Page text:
GRAPEGROWERS from the Barossa have decided to pull or graft their vines in the lead up to spring to create a more premium, profitable and sustainable vineyard business. More than 50 growers turned up to hear McLaren Vale-based viticulturist Tony Hoare share his grafting knowledge at an information session presented by the Barossa Grape & Wine Association.
Grapegrowers are reworking vineyards in an effort to better meet winery expectations and keep pace with the ever-changing popularity of different winegrape varieties.
There is a consolidation of what varieties work best in particular regions and have the greatest value for growers and wineries into the future according to Hoare Consulting viticulturist Tony Hoare.
Hoare, who has more than 20 years’ experience grafting grapevines in different wine regions, says field grafting is a popular option for reworking vines to change varieties or clones.
And says there are even more frequently asked questions about how to get it all done as an option to replanting, including the following.
T BUD, CLEFT GRAFT OR CHIP BUD?
Each of these methods of grafting grapevines have their merits. Chip budding is the most popular due to speed in covering large areas and high strike rate.
Strike rates of 90 per cent or more should be expected from field grafting using the chip bud method.
WHAT CAN I GRAFT?
Almost any combination is possible with a trunk diameter above the size of a 10 cent piece.
While an older trunk diameter is no limitation, they are more prone to diseases such as Eutypa, which will reduce the area for bud placement and can spread to kill the bud with time.
Successful strike will also depend on compatibility of the bud and rootstock, as well as virus status of all vine material which can be tested.
CAN I DO IT MYSELF?
Grafting is a skill some people acquire quickly while others have more difficulty. Part of the skill relies on having four cuts made well.
The back of the bud needs to be perfectly flat, and the base of the bud needs to have enough of an angle and surface area to allow for a successful callus to form.
The third cut made on the rootstock with a budding knife should be flat and have as small a surface area as possible exposed once the bud is placed in the cut.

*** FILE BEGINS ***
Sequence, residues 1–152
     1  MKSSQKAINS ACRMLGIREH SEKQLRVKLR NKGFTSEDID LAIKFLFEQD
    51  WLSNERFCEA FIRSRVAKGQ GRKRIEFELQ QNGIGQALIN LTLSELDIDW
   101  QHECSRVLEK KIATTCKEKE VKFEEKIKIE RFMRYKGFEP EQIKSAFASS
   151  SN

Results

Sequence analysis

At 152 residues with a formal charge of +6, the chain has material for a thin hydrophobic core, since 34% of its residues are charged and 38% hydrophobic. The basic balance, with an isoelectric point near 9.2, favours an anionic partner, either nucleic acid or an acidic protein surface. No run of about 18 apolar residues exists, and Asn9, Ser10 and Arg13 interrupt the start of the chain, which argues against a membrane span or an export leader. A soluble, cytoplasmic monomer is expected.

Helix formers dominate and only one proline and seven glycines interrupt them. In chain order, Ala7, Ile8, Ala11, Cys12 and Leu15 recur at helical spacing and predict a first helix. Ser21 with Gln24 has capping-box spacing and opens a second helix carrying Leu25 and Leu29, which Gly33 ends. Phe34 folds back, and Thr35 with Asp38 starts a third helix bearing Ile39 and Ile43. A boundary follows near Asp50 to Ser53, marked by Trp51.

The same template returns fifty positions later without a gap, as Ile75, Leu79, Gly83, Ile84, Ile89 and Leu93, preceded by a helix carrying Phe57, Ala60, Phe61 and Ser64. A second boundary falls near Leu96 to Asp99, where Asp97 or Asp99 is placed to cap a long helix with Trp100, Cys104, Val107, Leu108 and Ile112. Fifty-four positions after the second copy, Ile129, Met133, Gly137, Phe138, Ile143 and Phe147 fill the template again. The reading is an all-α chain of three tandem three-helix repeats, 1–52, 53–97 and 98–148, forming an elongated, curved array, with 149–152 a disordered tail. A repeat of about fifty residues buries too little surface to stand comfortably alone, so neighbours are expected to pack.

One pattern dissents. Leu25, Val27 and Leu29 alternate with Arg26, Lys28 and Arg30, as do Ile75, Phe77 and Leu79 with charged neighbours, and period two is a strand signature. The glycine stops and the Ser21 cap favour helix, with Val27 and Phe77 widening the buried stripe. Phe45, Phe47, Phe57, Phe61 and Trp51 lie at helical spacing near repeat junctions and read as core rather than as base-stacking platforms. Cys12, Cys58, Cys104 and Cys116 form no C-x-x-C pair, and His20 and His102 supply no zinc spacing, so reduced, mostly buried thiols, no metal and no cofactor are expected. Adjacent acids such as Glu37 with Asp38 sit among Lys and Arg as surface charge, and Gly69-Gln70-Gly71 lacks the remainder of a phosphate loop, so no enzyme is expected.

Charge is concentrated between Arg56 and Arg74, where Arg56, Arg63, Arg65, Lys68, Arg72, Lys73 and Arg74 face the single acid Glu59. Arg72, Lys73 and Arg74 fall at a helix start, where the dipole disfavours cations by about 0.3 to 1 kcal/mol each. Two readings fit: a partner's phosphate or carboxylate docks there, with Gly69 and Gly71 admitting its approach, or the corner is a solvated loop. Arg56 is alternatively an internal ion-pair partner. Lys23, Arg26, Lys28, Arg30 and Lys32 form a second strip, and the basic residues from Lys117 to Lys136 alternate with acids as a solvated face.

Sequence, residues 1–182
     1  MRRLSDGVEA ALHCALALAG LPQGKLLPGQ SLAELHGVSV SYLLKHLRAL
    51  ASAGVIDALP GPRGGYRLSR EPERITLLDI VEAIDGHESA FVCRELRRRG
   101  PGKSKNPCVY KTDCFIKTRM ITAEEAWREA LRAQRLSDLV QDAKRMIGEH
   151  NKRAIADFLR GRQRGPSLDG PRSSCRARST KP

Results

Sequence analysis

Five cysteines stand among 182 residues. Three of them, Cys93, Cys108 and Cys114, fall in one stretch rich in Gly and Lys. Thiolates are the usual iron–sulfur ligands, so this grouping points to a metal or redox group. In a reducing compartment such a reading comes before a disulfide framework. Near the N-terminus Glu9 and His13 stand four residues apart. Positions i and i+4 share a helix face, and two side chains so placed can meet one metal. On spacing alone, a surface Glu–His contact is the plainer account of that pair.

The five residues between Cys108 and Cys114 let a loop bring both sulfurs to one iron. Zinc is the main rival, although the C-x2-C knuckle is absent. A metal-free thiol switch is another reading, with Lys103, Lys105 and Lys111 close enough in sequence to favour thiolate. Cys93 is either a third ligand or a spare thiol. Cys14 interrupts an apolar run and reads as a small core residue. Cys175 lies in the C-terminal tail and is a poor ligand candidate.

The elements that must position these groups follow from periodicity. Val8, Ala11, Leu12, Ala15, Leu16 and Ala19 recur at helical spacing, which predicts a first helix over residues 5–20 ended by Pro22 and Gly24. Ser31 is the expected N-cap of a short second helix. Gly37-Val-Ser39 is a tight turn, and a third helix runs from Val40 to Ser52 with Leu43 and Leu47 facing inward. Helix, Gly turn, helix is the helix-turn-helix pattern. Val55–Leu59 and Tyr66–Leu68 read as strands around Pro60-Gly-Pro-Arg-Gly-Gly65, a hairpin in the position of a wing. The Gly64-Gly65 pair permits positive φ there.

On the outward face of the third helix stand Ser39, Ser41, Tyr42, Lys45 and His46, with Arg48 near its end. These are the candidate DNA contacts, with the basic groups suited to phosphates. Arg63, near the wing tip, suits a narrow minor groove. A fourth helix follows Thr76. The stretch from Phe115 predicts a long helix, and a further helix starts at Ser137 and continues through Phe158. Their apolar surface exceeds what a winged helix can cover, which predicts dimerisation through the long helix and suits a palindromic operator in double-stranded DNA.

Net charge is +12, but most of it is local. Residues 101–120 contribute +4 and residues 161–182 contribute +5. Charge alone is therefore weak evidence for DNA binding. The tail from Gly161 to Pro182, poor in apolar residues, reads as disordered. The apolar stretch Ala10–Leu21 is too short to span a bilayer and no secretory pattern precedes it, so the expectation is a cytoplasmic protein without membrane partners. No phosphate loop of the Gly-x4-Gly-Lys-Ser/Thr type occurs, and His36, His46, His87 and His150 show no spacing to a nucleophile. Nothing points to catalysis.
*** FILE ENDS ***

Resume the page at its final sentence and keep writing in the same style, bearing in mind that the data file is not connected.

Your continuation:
The fourth cut is a small wedge made at the bottom of the grafting cut where the bud will sit. A dull ‘snap’ sound should be heard when the bud is pushed into the wedge cut on the trunk and should sit firmly prior to taping.
Consistency of cuts is required to ensure a good strike.
TAPING: HOW IS IT DONE?
The art of taping is another one of those things which look easy – until you try it. But get it wrong and you can bring undone all the effort of completing a perfect graft.
Hoare says the white, one-inch tape is best.
“The textured version with good elastic strength makes taping easier,” he adds.
“On average you can budget for 50 vines per roll – around 50m.”
This will increase with trunk diameter and depend on the efficiency of the taper.
A figure-eight taping pattern going above and below the bud should allow an ‘eye’ pattern to secure the bud in place. If the ‘eye’ is not as small as possible without covering the bud, it is likely to dry out and die.
The ability to cover the ground in good time is an important consideration for taping and most experienced grafters have a separate taper to follow them and stay no more than five vines ahead to lower the risk of buds drying out.
Full article in the September 2014 issue of Grapegrower & Winemaker.